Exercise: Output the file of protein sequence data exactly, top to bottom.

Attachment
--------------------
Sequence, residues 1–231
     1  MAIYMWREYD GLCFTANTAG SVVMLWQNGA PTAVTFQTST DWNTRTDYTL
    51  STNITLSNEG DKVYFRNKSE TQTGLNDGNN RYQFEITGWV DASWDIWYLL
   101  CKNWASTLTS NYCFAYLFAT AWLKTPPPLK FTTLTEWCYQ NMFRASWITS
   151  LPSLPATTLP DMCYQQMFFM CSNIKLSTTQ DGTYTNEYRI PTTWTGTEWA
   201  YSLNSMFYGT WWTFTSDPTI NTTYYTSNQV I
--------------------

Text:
Sequence, residues 1–231
     1  MAIYMWREYD GLCFTANTAG SVVMLWQNGA PTAVTFQTST DWNTRTDYTL
    51  STNITLSNEG DKVYFRNKSE TQTGLNDGNN RYQFEITGWV DASWDIWYLL
   101  CKNWASTLTS NYCFAYLFAT AWLKTPPPLK FTTLTEWCYQ NMFRASWITS
   151  LPSLPATTLP DMCYQQMFFM CSNIKLSTTQ DGTYTNEYRI PTTWTGTEWA
   201  YSLNSMFYGT WWTFTSDPTI NTTYYTSNQV I